SReg New Member

    BTW installer of system just took their normal 64o' of vertical loop for a 5 series 4 ton system and added an extra 100' to cover the difference between a 5 series and a 7 series.
    I would just like to make sure that my loop size is correct for my btuh.

    If I can provide any other info please let me know.
  7. AMI Contracting

    AMI Contracting A nice Van Morrison song Industry Professional Forum Leader

    4 ton for a 44mbh load? have your guy do an op cost model between that and a 3 ton.
  8. SReg

    SReg New Member

    No they have not I will ask today when I meet with them again. Are you suggesting that a 4 ton is a bit oversized or not the best bang for my buck?
  9. AMI Contracting

    AMI Contracting A nice Van Morrison song Industry Professional Forum Leader

    "Are you suggesting that a 4 ton is a bit oversized or not the best bang for my buck?"

    Yes. Almost certainly is.
  10. SReg

    SReg New Member

    So after talking to my installer we decided to go with a 4 ton, 7 series WF system at 740 vertical feet of loop. (two 370' wells)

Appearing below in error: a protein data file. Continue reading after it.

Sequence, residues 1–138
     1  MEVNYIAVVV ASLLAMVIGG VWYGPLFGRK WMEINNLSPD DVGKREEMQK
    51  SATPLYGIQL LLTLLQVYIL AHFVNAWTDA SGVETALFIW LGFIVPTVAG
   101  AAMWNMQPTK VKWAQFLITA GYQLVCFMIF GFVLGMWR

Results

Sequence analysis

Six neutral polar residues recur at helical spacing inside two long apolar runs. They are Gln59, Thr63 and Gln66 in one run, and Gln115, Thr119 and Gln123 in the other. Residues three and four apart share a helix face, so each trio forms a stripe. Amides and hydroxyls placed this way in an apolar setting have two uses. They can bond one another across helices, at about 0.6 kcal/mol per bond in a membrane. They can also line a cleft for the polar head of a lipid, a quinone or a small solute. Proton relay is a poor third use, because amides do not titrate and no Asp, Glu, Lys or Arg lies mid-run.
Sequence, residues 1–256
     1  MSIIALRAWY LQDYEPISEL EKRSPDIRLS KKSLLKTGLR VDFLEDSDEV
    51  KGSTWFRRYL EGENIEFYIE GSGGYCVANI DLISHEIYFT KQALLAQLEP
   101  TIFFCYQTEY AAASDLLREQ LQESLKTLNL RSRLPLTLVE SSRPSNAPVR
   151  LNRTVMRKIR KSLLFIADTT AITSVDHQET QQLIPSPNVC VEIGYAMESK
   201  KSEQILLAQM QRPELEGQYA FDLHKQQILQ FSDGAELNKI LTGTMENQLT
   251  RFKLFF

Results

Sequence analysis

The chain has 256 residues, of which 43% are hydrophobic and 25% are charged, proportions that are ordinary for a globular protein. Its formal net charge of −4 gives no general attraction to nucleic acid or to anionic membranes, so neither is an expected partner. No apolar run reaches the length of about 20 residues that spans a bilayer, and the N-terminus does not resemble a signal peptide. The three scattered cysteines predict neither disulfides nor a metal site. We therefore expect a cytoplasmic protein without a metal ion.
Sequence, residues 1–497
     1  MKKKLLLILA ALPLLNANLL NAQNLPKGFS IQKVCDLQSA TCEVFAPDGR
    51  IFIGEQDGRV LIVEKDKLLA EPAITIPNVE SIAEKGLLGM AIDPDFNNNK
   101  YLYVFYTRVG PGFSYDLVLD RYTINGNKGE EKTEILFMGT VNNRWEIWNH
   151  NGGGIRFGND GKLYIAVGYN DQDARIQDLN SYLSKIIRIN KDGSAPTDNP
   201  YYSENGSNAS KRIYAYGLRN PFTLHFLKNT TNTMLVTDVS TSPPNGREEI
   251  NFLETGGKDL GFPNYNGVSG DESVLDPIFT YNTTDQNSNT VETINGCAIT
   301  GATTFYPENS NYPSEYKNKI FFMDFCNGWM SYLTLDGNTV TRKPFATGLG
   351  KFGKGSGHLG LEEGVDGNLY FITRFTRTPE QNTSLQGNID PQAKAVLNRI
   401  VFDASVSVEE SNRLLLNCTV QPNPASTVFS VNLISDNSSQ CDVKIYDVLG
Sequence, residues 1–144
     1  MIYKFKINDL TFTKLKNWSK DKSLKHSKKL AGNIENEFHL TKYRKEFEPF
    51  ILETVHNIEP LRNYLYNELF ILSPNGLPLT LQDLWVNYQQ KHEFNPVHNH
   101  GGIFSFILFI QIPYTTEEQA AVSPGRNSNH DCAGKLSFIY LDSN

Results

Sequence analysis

My question.... Is this the correct amount of loop for my system as well as a my heating needs?

  11. Mark Custis

    Mark Custis Not soon. Industry Professional Forum Leader

    It depends.

    There are a lot of variables.

    To make it tougher the target moves.

  12. docjenser

    docjenser Well-Known Member Industry Professional Forum Leader

    The amount of loop sounds good. How about the pipe size. The 4 ton 7 series likes to see 13.5 gpm. Grouting? length and size of header pipe to the 2 boreholes?
  13. SReg

    SReg New Member